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WHERE DO THEY RUST?

Discussion in '2nd Gen Tundras (2007-2013)' started by JTP, Jul 24, 2018.

  1. Jul 24, 2018 at 5:26 PM
    #1
    JTP

    JTP [OP] The Big Black Moose

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    Ok guys and gals, where do the 2nd Gen Tundras rust?


    I was a life long Texan and NEVER had to deal with road salt and brine eating my prized Toyota investments.

    After moving up to Alaska last Fall and having the Canadians douse my new prized 2013 Tundra in brine and salt on the way up here I am looking for a way to prevent my awesome machine from getting road cancer and EATEN ALIVE!


    Ive power washed the bottom of this thing clean enough to eat off of (the dirt here in Alaska is clean enough to eat if you wanted to unlike the Lower 48) and want to take a look at corrosion preventive measures to keep her form rusting out.


    I had heard that they are starting to use some chemical up here on the roads vs straight sand like they have always done and I want to specifically pre-treat all areas on the truck that are prone to rust.


    Like every other vehicle out there winter ice melting measures COMPLETELY SUCK and eat vehicles alive. There has got to be a way to prevent this and I am certain that I can prevent this from happening to mine. Like I said Im looking to find out what areas on Tundras are especially vulnerable.


    I spilled a couple of gallons of Diesel fuel in the bed of my tuck over the winter and it seeped out everywhere all under the bed!


    GOT ME THINKING that this might be a good start on preventing rust!


    Im looking at a 50/50 mix of used motor oil & diesel fuel and spraying it up under the fender wells, the whole bottom of the truck (except for the exhaust pipes) and every other place that I can get it sprayed into. May even look at drilling some holes in some sheet metal and flooding some areas like the rockers, tail gate, and every other nook and crannies that I can get to and treat it.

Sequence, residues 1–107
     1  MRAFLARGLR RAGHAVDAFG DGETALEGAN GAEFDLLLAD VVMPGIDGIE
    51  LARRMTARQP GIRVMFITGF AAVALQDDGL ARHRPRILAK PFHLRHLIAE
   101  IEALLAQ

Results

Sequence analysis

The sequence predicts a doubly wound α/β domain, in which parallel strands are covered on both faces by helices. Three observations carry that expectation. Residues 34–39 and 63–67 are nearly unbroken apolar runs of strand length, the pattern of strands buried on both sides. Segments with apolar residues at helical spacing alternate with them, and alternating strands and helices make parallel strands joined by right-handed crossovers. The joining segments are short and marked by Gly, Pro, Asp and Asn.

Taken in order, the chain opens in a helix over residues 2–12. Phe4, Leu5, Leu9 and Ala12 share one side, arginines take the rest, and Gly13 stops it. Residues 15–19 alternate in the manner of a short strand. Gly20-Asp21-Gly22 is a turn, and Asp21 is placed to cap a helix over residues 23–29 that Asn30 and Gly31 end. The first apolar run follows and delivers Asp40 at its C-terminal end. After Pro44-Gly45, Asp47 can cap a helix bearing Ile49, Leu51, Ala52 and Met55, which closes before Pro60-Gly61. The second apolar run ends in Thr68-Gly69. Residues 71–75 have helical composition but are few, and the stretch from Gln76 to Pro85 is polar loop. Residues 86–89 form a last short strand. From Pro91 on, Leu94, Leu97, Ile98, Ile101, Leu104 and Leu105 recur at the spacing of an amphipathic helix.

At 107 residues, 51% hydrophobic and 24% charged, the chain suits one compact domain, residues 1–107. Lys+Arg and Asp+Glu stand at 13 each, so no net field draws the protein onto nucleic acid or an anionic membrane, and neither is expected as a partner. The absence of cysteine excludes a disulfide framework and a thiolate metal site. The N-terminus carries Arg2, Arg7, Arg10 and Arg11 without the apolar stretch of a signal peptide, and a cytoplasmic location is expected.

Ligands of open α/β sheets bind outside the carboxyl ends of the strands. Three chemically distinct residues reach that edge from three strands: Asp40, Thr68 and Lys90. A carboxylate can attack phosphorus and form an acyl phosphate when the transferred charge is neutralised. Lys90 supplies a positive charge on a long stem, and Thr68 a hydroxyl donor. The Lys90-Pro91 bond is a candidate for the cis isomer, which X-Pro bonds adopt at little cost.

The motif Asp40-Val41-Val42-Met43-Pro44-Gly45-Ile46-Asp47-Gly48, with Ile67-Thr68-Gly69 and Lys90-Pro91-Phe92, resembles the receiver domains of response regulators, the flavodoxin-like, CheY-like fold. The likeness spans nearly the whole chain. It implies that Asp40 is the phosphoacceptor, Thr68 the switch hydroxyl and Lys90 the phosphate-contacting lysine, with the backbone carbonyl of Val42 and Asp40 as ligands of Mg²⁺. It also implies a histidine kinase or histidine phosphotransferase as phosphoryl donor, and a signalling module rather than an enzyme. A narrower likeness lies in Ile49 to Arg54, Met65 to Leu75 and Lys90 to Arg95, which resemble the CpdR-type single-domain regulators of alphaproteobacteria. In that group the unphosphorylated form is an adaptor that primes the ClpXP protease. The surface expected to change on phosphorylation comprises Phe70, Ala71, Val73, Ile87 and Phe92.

We "mist" the inside of aircraft for corrosion control and why not look at doing the same thing on vehicles? Im optimistic that we can find the way to keep the salt from eating our trucks.


    Any ideas, input, pics, and any other info on the specific areas on these trucks that rust would be much appreciated.
     
  2. Jul 24, 2018 at 5:30 PM
    #2
    Professional Hand Model

    Professional Hand Model A.K.A ‘Golden Hands’

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    Hand Protectors
    Spray the entire underside with Fluid Film. 2 cans should do you and are about $26 plus tax.

    Where to spray? Think like water and let that be your guide Grasshopper.
     
  3. Jul 24, 2018 at 5:32 PM
    #3
    JTP

    JTP [OP] The Big Black Moose

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    Will take a look and do some research. Would obviously have to re-teat every Spring / Fall if its not that "sticky".
     
    Prostar 190 and TheBeast like this.
  4. Jul 24, 2018 at 5:36 PM
    #4
    Prostar 190

    Prostar 190 Super Secret Elite Member #9

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    I use Fluid film on my car's also!
     
    Stroke250 likes this.
  5. Jul 24, 2018 at 5:36 PM
    #5
    Professional Hand Model

    Professional Hand Model A.K.A ‘Golden Hands’